scorecard includes the key performance indicators, or KPIs, for which,
in the case of a personal scorecard, an employee is responsible which,
if these KPIs are correctly defined, would include measurements that,
when looked at in aggregate, support the enterprise’s top-line strategic
goals and objectives. Inevitably, there will be shared targets for some
of the KPIs in a personal scorecard either within a specific functional
area of the business (Think Marketing Director/Marketing Associate
having similar campaign targets) or as shared KPIs across functional
groups like marketing, sales, procurement, and development/manufacturing
for something like overall corporate sales targets. To illustrate what
I mean, if the organization has a revenue target of 15% annual growth
each of these functions might also have the 15% target in their KPIs.
Of course alone none of these groups is solely responsible for achieving
that total growth target but this enterprise target is still one of
their KPI’s. This shared goals can incent these groups to work more
closely together given that it’s mutually beneficial for these teams to
work together because they’re all needed to make this corporate goal.
Also, there are typically individual KPIs for their own controllable
element of that 15% growth figure that might apply. Sales will play a
role in this 15% growth target by needing to make actual sales to
existing and new customers accounts; Marketing is also integral because
they will have to generate enough pipeline to contribute to those sales
figures; Procurement will need to make sure the appropriate amount of
labor, materials and supplies are available to produce enough product;
and, Development/Manufacturing will need to have enough finished product
ready for shipping in time to meet these customer demands. Each of
these functions and the people working within these functions would also
have their own more specific KPIs that outline what their required
contribution is to achieve this top-line revenue growth goal that will
typically be measured within the respective functions too. Make sense?
actual KPIs – typically there’s about 6-10 for each individual – are
critical because they will define the actions taken by the individual
for which they’re responsible. The ultimate alignment via scorecards
composed of KPIs across these business groups, departments, divisions,
business units, etc. is the embodiment of what we call a company’s
strategy execution framework.
Harvard Business School having done a study on this framework found
that, “a 35% increase in Strategy Execution leads to 30% gain in
shareholder value”. That’s a pretty strong argument for at least taking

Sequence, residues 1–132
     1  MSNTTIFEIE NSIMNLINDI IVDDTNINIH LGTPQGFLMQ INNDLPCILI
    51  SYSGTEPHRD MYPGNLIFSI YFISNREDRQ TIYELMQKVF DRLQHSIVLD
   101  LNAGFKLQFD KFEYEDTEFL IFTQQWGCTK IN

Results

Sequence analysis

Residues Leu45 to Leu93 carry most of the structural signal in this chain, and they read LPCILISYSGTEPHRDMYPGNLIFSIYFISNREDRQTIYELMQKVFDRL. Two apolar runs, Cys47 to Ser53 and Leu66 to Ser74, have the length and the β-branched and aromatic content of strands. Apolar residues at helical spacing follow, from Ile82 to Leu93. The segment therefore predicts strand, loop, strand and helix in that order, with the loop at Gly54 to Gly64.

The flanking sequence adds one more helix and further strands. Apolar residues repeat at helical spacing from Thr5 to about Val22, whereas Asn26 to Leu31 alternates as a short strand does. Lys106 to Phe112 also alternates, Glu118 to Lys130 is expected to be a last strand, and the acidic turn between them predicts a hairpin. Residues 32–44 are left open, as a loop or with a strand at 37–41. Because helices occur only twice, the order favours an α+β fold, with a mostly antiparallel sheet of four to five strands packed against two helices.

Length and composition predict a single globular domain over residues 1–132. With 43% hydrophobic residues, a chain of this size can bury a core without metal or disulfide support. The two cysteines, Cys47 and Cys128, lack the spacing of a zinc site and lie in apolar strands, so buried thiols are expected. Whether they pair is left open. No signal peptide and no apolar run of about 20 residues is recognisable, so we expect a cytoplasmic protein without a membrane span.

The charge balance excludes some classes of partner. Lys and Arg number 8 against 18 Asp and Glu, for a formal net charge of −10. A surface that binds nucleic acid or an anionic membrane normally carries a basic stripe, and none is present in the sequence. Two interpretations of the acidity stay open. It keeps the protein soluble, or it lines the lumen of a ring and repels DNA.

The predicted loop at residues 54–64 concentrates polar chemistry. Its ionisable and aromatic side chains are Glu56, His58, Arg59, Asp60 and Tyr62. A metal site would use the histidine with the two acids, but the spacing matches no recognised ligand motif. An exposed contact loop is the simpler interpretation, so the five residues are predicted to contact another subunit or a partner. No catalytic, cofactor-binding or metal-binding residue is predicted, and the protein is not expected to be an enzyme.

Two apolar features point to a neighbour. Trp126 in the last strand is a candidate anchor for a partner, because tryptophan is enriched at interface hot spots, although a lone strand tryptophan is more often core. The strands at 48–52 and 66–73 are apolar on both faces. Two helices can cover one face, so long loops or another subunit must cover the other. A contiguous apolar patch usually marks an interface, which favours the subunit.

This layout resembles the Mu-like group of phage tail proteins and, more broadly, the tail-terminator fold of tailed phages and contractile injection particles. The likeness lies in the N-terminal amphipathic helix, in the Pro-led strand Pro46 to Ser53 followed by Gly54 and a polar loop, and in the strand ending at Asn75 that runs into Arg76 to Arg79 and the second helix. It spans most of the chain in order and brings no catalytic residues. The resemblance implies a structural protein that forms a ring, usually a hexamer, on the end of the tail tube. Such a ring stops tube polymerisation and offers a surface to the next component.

a harder look at it.
How do you deploy such a framework, you ask? Well, in theory it’s
very simple. You just translate the business strategy and its related
goals into a set of performance indicators that outline the targets for
which each department and employee within each department are
responsible and away you go, right? Yes, I know. It sounds easy in
theory. But, in practice it’s a little more work.
The key is working top-down with each business and support unit area
to translate their contribution towards meeting these higher level
targets so that these lower-level, cascaded measurements, or KPIs, will,
when rolled up in total, directly tie to the top-level enterprise’s
strategic goals. This ensures proper alignment of the organization
while providing an ongoing set of metrics by which the workforce can
Even more important in defining the right KPIs is the understanding
that whatever the indicators are, this will determine the individual’s
behavior so take care as you define these. Something else that makes
this framework so effective is that it makes it that much easier to
reset the workforce when those top-level strategies change. the
infrastructure is in place to restructure the scorecards. This allows
the company to adapt more quickly.
Think about deploying such a framework for your organization. The
best incentive I can give you for taking on this effort is that going
through the KPI definition process for each set of scorecards it forces
discussions across functions, within departments and at the executive
level that will expose how achievable these targets really are with the
current resources in place today and who is ultimately responsible for
what. This is just about the most important exercise I think a company
can go through to make sure it’s not setting itself up for failure
because its strategy isn’t attainable given the resources currently in
place. Once this KPI definition process is complete and everyone knows
who’s doing what and where the synergies lye it’s all about execution.
This framework sets companies up to execute well because they’ve already
identified their needs and resources at their disposal and now it’s a
matter of delivering. It’s go time.
If done right this will be the outcome for your organization:
- Workforce is engaged in this process arguing the questions about
what the targets are, how to achieve these targets, searching out
solutions, debating resource needs and actions, and reaching specific
and practical conclusions.
- Ultimate enterprise-wide agreement is made on the KPIs where
everyone agrees on their commitments for getting things done and accepts
- Given the share and collaborative ownership of some KPIs, processes
are more tightly linked to one another, not compartmentalized among
- Through this exercise the strategy takes account of people and
operational realities. Through the debates and bartering between
managers, directors, executives within and across functional areas, an
enlightened awareness of what everyone is responsible for and whether or
not they have the resources to accomplish it is realized and addressed.
- People are chosen and promoted in light of strategic and operational plans.
- Operations are linked to strategic goals and human capacities.